The Key to Always Growing as an Artist

The Key to Always Growing as an Artist

As professional artists, at some point in our careers we will feel as if we reach a plateau in our work and are not growing. In this article learn the ways you can continue to grow and reach your greatest potential and work past that creative rut. 

In life, one of the most desirable things is to feel as if we are growing and making progress. Especially when working in the art world.

"Life is like walking the wrong way on a moving sidewalk, walk and you stay put, stand still you go backwards. To get ahead, you have to hustle. " - Farrelly Brothers

Working as an artist, is very similar to life. If you stay still and become a one trick pony, eventually that trick will die down, so it is crucial that your work keeps moving forward and improving, otherwise you will fall behind. I'm sure we all have been there; sitting around in the slow seasons, uninspired, and feeling seldom about where your work is going. What was once a passion, now seems like a chore, and it becomes less exciting because we're not growing. Growth is often a fundamental factor in determining one's personal success, and success in the art industry. In this article I explore the top ways I have found to be ahead of the game and that helped me to create work that I have always dreamed of.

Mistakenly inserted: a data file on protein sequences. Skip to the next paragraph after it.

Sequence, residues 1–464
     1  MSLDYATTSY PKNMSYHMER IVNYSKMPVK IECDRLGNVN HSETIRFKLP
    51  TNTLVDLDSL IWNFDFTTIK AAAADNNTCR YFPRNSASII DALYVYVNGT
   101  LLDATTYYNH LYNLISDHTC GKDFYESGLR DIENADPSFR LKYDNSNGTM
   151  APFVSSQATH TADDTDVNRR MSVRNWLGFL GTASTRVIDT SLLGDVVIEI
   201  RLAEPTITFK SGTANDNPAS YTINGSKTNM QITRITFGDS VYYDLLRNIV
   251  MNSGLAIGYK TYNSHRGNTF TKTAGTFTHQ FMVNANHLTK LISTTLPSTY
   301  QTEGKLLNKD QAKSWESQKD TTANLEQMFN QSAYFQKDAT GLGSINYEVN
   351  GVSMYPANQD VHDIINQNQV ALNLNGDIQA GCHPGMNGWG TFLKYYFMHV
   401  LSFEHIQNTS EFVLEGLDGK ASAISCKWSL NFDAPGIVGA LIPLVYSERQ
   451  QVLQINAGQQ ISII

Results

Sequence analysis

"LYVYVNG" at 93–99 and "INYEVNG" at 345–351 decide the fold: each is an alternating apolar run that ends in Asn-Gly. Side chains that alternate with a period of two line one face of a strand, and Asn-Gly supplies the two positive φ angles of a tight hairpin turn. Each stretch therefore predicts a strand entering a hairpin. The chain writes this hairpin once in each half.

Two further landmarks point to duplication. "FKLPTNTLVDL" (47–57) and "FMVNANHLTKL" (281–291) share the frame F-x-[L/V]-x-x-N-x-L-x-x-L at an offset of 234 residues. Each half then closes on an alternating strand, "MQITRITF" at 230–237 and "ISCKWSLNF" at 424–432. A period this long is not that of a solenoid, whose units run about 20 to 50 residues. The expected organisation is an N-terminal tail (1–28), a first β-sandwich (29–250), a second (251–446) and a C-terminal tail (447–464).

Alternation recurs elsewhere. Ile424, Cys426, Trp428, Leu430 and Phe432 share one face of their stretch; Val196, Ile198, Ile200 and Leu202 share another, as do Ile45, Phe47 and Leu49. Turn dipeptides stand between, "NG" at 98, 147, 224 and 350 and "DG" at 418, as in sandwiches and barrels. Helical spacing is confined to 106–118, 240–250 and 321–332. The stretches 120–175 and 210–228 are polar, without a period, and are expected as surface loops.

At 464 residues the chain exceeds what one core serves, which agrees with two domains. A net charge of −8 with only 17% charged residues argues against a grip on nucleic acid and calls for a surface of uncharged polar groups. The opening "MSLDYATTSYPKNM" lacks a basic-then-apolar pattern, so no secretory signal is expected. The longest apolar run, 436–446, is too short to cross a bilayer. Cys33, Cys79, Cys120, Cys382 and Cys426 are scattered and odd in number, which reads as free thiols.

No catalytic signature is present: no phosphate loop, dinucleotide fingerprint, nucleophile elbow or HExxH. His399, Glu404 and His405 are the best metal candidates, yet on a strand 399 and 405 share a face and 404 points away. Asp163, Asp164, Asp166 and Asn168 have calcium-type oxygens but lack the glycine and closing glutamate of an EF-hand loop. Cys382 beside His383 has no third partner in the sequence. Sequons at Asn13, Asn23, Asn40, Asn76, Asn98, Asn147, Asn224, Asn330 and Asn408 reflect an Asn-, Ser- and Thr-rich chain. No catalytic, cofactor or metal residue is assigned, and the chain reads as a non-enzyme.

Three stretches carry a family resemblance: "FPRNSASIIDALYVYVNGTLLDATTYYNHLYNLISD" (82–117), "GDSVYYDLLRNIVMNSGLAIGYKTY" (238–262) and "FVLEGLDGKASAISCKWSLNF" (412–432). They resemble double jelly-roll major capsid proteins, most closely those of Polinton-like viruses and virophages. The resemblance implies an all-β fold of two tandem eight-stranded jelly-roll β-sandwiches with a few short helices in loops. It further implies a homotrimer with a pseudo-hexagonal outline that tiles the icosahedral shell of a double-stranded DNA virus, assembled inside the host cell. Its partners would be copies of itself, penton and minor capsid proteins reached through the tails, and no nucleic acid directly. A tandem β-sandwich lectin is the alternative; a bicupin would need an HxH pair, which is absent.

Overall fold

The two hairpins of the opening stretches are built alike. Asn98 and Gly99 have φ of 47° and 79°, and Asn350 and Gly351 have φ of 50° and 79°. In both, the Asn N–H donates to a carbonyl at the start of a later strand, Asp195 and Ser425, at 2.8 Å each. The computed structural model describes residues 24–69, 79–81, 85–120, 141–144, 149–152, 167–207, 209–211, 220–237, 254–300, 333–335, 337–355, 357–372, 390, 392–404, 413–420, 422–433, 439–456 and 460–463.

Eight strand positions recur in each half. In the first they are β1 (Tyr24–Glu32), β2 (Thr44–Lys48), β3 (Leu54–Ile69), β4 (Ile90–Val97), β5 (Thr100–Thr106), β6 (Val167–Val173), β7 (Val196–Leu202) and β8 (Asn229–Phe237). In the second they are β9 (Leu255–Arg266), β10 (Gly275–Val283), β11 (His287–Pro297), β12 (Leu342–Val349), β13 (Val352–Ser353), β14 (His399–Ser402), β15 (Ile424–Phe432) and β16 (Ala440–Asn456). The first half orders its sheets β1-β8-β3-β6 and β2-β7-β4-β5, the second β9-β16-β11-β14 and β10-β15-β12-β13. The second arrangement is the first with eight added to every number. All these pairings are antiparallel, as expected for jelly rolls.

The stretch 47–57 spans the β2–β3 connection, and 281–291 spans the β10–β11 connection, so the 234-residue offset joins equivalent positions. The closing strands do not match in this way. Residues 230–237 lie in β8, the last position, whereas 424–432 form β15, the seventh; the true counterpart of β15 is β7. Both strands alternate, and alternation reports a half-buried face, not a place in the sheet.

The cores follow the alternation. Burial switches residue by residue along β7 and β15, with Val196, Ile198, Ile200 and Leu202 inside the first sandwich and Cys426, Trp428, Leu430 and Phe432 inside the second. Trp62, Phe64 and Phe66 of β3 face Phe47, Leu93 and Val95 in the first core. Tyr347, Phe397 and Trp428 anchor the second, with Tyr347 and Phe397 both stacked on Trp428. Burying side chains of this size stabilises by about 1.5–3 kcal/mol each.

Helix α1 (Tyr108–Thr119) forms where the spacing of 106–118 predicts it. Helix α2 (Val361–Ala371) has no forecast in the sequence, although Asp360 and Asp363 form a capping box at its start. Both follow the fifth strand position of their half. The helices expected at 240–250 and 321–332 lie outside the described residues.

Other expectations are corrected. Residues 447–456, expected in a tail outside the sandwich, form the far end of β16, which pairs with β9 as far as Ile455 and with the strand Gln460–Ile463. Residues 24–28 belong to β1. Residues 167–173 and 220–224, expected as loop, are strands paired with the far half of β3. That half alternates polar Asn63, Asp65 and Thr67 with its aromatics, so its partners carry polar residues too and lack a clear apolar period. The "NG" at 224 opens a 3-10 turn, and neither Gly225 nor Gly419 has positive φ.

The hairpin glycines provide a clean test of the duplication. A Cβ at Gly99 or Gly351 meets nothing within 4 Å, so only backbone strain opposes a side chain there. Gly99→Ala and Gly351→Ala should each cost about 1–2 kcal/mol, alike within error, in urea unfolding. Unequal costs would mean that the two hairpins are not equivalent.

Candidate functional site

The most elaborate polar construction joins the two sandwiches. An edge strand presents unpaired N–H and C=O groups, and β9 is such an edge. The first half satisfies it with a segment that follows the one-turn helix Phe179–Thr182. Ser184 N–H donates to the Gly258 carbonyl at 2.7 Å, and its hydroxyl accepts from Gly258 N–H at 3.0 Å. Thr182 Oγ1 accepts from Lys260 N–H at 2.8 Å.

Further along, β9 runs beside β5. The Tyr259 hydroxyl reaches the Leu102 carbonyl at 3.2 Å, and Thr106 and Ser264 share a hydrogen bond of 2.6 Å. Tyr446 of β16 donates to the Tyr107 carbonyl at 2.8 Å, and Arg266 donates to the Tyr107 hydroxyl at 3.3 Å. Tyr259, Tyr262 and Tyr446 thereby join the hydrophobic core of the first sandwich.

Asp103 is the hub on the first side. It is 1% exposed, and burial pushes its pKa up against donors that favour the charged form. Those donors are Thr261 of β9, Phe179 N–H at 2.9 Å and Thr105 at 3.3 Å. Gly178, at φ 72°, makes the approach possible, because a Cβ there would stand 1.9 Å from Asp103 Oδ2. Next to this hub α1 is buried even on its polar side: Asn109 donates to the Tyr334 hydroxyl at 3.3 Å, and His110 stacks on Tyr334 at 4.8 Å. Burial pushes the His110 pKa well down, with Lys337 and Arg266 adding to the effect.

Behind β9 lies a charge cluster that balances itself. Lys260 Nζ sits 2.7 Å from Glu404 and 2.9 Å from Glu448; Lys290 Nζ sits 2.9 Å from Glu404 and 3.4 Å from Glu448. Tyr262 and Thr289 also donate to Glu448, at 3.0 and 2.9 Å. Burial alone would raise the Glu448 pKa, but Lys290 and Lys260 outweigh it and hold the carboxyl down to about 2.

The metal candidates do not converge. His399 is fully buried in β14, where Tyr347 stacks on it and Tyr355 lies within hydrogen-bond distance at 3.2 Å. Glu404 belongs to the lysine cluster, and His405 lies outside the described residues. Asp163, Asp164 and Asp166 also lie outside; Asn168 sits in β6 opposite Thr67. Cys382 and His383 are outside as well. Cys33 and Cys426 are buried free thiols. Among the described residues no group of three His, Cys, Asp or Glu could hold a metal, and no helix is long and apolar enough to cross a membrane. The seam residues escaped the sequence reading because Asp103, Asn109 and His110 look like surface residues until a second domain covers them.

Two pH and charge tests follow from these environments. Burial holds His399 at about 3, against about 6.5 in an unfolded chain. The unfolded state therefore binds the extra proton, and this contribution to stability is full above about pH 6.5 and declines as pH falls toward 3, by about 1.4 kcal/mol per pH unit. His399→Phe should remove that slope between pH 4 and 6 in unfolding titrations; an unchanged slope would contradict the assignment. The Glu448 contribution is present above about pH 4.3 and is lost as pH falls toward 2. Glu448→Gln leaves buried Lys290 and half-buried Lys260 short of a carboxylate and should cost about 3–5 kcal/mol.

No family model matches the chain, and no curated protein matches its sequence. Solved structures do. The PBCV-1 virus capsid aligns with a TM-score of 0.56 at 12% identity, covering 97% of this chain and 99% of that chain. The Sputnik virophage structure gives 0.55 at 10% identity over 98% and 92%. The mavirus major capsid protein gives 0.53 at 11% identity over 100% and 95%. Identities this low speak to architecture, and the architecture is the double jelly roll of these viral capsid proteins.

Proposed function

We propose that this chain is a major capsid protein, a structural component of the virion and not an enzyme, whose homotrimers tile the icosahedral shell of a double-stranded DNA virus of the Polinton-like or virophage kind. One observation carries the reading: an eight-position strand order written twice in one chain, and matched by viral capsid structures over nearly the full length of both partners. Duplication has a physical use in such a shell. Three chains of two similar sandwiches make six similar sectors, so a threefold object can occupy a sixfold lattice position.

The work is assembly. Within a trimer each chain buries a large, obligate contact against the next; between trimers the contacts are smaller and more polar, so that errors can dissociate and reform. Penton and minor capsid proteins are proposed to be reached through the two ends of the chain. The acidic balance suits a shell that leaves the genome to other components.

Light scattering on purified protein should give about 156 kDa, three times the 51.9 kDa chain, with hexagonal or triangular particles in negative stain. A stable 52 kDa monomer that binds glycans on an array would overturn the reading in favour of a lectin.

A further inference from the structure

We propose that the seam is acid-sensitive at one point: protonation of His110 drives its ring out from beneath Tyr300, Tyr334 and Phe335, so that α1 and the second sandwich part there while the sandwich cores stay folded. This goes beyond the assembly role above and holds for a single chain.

Don't Be Afraid to Look Back

We all started somewhere, and we all sucked at some point, but when we look at our current portfolio, it may seem hard to grasp how far we have come since the beginning. So do not be afraid to dig through the archives and compare your work from a few years ago to your work now. I assure you that you have grown a lot more than you think. This is one of the biggest things I do to keep my inspiration going.

My 2014 versus 2018 progress. It has been quite the wild ride.

Never Be Complacent With Your Work

One of the biggest thing that stunts someones growth, is complacency with their work. In the world of social media, when a certain style is trending, it is easy to jump on the band wagon and shoot that style. It might work for a while, and it seems like you are getting likes, but at the end of the day, your work becomes formulaic and can feel as if you are simply doing the same thing over and over. But if you think about it, is your work really growing and improving as much as it could be? Not really. Likes can be deceiving and cause our work to hit a plateau in our originality because our photos become focused on shooting to please an audience, and not ourselves.